1854 October 30 Letter to Thomas L. Kane


1854 October 30 Letter to Thomas L. Kane


An invitation for Kane to return as the Utah Congressional Delegate. Brigham advises and discusses housing, transportation, government and personal matters. He petitions Kane to advocate for Utah's desired route for the Pacific Rail Road.




Brigham Young


Thomas L. Kane


1854 October 30


Great Salt Lake City
Philadelphia, Pennsylvania

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Great Salt Lake City, Utah Territory
October 30th 1854

Col. Thos L. Kane
Phila. Pa.

Dear Colonel,

Your very acceptable, and highly valuable present of a splendid copy of The Grinnel Expedition, with a large bundle of papers, and several detached plates illustrative of the Expedition, came safe to hand, for which please accept my Thanks. Not merely for the real value of the present, but more particularly for its indicating a kindly and still enduring personal regard.

I take it for granted that you are sufficiently acquainted with me, and my course, to know that when I speak, or write, I do so in all frankness, and candor, for the best interests of the people of Utah, and their friends, and the lovers of truth in all the world, and I think I am not mistaken in your feelings when I presume that you will candidly receive, weigh, and act upon my business views in this letter as proceeding from one truly your friend.

After reflecting carefully upon the Territorial circumstances of Utah, and the expressed feeling and the action of the majority of the members of Congress toward us, I have come to the conclusion that it might not seriously interfere with your arrangements, and be mutually advantageous to all parties, if you will consent to be returned as the Delegate to Congress from this Territory, at the next August election.

I have suggested this idea to my Council, and other prominent citizens, and all unanimously concur in the excellenc of the plan, and you know this people well enough to be certain that they will vote as they may be counselled, hence you will have no dubiety as to the result of the election, in case you accept the nomination now proffered. This proffer is not made as a matter of compliment, nor for flattery, but in consideration of your past faithfulness and Zeal in our behalf in the days of our adversity, and as the only suitable remuneration therefor at present in our power; and since you have endured with us in the storm, we are anxious to enjoy your society in the calm, and trust from past experience, that we shall not be disappointed in our expectations.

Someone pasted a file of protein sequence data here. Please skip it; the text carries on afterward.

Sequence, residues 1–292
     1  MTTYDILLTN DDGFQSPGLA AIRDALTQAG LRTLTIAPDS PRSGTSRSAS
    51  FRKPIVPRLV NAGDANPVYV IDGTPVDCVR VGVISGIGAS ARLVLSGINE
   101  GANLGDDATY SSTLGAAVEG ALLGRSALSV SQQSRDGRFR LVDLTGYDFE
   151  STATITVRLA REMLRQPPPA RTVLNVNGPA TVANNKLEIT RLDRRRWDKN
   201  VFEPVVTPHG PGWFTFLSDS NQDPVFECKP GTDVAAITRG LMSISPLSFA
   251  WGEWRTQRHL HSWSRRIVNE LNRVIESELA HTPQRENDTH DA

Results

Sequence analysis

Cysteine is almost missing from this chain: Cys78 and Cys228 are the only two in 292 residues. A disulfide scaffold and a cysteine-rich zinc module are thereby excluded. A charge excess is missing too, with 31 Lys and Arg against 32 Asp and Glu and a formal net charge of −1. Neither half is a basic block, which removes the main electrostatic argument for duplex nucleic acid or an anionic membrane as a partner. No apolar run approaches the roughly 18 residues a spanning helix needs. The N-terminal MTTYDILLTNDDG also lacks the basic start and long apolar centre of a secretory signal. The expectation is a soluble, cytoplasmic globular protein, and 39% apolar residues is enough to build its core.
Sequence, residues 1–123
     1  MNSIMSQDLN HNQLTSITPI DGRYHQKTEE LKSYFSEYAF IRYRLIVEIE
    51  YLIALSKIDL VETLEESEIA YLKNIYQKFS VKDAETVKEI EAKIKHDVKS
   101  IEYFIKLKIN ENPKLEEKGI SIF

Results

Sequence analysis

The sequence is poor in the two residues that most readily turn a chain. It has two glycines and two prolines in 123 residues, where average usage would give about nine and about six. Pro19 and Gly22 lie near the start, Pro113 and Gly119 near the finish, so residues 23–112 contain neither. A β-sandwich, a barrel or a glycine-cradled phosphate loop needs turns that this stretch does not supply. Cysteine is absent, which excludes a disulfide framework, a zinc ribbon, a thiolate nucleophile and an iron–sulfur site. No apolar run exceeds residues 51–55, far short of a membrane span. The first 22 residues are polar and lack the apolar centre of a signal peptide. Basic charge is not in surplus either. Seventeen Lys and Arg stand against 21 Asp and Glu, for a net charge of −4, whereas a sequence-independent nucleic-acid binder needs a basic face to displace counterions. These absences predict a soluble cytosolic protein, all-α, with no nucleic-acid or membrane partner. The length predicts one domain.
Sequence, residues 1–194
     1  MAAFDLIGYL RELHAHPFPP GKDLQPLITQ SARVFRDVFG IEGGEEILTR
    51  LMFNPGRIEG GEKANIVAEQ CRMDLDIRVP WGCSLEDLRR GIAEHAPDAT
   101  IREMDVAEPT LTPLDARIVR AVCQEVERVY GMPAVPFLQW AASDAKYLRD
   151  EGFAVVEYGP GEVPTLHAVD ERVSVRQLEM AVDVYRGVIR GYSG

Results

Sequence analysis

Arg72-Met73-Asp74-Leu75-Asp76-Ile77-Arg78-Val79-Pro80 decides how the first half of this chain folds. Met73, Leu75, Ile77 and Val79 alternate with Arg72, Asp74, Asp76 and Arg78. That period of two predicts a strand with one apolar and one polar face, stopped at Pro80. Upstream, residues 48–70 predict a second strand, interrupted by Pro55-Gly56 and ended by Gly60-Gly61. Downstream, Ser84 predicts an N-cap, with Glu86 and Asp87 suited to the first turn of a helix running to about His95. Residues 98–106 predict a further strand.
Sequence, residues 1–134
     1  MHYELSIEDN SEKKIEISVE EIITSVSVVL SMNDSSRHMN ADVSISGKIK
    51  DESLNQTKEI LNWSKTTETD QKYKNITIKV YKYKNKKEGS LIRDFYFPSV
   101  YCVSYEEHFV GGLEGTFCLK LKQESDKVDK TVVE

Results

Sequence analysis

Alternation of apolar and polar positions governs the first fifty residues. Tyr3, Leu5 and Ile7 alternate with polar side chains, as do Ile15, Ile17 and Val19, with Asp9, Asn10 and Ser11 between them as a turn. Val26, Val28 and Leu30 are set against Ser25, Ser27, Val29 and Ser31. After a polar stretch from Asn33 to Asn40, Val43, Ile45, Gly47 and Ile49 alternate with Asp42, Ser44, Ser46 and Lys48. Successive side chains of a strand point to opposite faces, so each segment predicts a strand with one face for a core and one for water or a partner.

Your undeviating friend Mr. Grant, assures me that this proposition will be cordially received by you as a token of our high respect, and regards; and that it will doubtless please you to comply with our wishes in this matter. Trusting that you may conclude to coincide with the frank proposition so cordially made, and knowing the uncertainty of mail communication during the winter I will take the liberty of offering a few suggestions. To secure a residence in Utah, it will be best to see Mr. McGraw, or Mr. Reeside, of the firm of McGraw & Reeside, our mail Contractors, and, if they have not such an one, have them fit up a carriage that will be comfortable, and convenient for the transportation of yourself and wife, and suth other portion of your family as you may wish to have accompany you; and be in readiness to start from the frontier with the mail by the first of April, or May next.

As some of the streams may be high, and difficult to cross, it will be much safer, and more pleasant for your family and beneficial to the mail carriers, if the contractors will provide a suitable India Rubber Boat, as the expense & transportation would be trifling, and it would enable them to cross over their passengers, and the mailsacks, with far less risk of accident, and would last several years, with proper care and usage.

Upon your arrival here, you can easily purchase, or rent a house and lot, you are then a resident, and eligible to any elective Office in our bestowal, and upon advices from you touching renting, or purchasing a house, furniture therefor &c, and any other suggestions for arrangements here, I shall be pleased to carry out your wishes.